San Francisco-based developer Giacomo Balli doubled his take on his iPhone apps thanks to an April Fools’ Day joke. When he ratcheted up the price to an eye-popping $4.99 for an app that catalogs books, he got downloads instead of complaints.
The App Store lets devs change the sale price of their apps pretty much any time they like, but most folks take conventional routes: cutting prices during sales or dropping prices to free. Balli made his previously free apps premium with just a toggle.
“There weren’t any app updates, either,” he told Cult of Mac over the phone. “Just the price.”
At a time when more than half of all U.S. venture capital is flooding into the San Francisco Bay Area, getting consumers to find your apps in a crowded App Store is hard. The multipronged process required to garner attention for your app is arcane at best and impenetrable at worst. The crazy nature of this new, arbitrary app market has lead to a ton of crazy experiments with business models, just like Balli’s.
The apps in question, Find Tower and My Book List, are in relatively uncrowded categories (Navigation and Catalog, respectively). But Balli, who originally hails from Florence, Italy, thinks there’s more at work here.
First of all, the target demographic is slightly older for these apps. Balli is pretty sure this group associates a higher price point with quality, so bumping up the price gave his apps a higher perceived value. The second variable working in his favor is the way the App Store treats his apps on their respective category lists.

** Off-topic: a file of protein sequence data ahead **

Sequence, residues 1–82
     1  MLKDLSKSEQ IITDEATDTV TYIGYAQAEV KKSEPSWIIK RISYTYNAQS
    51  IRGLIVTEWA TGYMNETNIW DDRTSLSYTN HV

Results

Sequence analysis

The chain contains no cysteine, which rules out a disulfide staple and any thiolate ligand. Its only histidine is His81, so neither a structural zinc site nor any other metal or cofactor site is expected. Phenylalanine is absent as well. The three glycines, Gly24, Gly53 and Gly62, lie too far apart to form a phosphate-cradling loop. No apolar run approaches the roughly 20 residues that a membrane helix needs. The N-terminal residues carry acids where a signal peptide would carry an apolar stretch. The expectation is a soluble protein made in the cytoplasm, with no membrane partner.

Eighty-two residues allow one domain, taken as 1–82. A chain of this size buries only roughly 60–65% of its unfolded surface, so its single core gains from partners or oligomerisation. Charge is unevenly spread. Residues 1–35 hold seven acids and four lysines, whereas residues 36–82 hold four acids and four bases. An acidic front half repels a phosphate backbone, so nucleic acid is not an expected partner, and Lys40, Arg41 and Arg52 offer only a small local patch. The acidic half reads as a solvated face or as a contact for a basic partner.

“The algorithm likes the fact that I’m pulling in higher revenue numbers overall,” he said, “including in-app purchases plus a premium price.”
He’s also profiting from advertisements. Balli made no changes to his apps when he priced them up: They still have in-app purchases and ads. People download them nevertheless, this time paying for the privilege. Before the April Fools’ joke, Find Tower was bringing in 600 downloads a day. After the price hike, the downloads dropped to 60 per day. But the revenue doubled.
When Balli toggles the app to free again for a one-day sale, he sees his downloads hit the roof — an average of 1,200 per day, which helps him stay high in the App Store charts. He still sees purchases when the app rises to its original price.
“I’m a big advocate of exploring monetization,” said Balli. “Devs should play around more and look at the data, not just do what other people are doing.”
Seems like it’s working for him.